ooh, that’s going to sting

Why the language of customer service is a hot topic

In last weekend’s Sunday Times, an article in the Business Section caught our eye. It concerned Tesco’s response to a customer who complained he had been unable to find a ‘hotly advertised’ chilli in any nearby stores. This was the email sent by customer services:

“When I seen you were on about the Trinidad Scorpion Chilli I was slightly confused. Our support team here advised me it was a trail [sic], and after this success, they hope to have them back in store soon…I can only say after reading what some of the papers said, and videos online, I hope you have a lot of milk ready for when you find some.”

The article implied the customer’s reaction, understandably, went a little like this:

Language is the face that an otherwise faceless department presents to the outside world, and this is why it pays for companies to take care over the way in which their customer services use it. No one stays to have another drink at the bar stood next to an unkempt, presumptuous bore.

Where did this Customer Services rep (oh please, tell me it wasn’t a ‘writer’ that wrote the email) go wrong?

 Firstly, there are the obvious technical errors such as spelling mistakes and poor grammar. Customers want to feel that their complaints are treated with respect, as this reflects the company’s attitude towards them as individuals. Sloppy spelling implies a lack of care, time, consideration and expertise.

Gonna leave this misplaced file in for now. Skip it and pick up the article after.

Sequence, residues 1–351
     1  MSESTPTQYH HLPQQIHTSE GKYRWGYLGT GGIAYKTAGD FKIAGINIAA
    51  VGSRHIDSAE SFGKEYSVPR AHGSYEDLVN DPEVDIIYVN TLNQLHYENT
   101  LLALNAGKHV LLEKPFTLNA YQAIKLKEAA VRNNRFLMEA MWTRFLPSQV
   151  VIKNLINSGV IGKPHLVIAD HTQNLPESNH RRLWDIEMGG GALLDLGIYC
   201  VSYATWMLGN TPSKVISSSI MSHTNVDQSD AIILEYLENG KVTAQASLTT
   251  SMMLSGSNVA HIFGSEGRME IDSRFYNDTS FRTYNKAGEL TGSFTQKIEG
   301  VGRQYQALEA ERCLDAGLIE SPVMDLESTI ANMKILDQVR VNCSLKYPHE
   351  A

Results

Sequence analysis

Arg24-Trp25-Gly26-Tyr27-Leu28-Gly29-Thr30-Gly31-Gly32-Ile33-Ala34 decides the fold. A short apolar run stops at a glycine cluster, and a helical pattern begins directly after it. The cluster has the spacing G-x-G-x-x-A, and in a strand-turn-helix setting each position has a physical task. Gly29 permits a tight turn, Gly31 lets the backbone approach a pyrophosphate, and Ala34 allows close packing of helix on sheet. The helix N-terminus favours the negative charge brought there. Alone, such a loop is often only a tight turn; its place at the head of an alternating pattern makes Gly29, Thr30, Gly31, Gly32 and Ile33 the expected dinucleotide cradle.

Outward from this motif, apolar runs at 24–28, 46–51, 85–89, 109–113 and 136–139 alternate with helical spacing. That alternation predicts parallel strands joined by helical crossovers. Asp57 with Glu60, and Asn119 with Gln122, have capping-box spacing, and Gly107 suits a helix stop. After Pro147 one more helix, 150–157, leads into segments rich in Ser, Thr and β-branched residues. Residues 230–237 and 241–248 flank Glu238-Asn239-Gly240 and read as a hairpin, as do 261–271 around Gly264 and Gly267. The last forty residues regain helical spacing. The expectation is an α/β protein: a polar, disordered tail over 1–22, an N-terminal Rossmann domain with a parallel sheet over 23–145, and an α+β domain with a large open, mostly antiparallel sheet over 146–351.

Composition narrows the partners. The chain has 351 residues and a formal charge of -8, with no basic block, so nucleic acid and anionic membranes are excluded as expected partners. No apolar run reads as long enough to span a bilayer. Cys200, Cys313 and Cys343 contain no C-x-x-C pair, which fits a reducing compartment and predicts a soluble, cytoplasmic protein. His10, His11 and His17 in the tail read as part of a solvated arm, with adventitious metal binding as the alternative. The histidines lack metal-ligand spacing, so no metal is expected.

Secondly, the representative takes no responsibility on behalf of the company for the inconvenience caused. As Gary Oldman so eruditely illustrates, wasting our time can be frustrating, and we expect those responsible to acknowledge it as such.

Thirdly, the sting in the tail (ugh!) is the noxious attempt at humour in the final lines, made all the more galling by what has preceded it. Like a sweaty drunk flinging his arm around us to offer unwarranted advice, this clumsy attempt at ‘mateyness’ instead comes across as patronising.

Brand language should be hard to spot when its right, easy to spot when it’s wrong.

(For the record, here is an alternative reply that might have been better received:

Dear Sir,

I am sorry to hear that the Trinidad Scorpion Chillies were not in stock at any of your local stores, and I apologise for the inconvenience this has caused you. Our stores only carried a limited supply as this was part of a trial to see whether there would be demand for them, and as a result some of the stores sold out very quickly. I am happy to tell you, however, that the trial was a success and that the chillies will be back in stock on a more permanent basis soon. If you have any further questions regarding this product or any other, please do not hesitate to contact me.)

etc etc

If you’re having troble with yor words and brand stuff, ain’t tough, fix it. Email me and we talk. anytimes.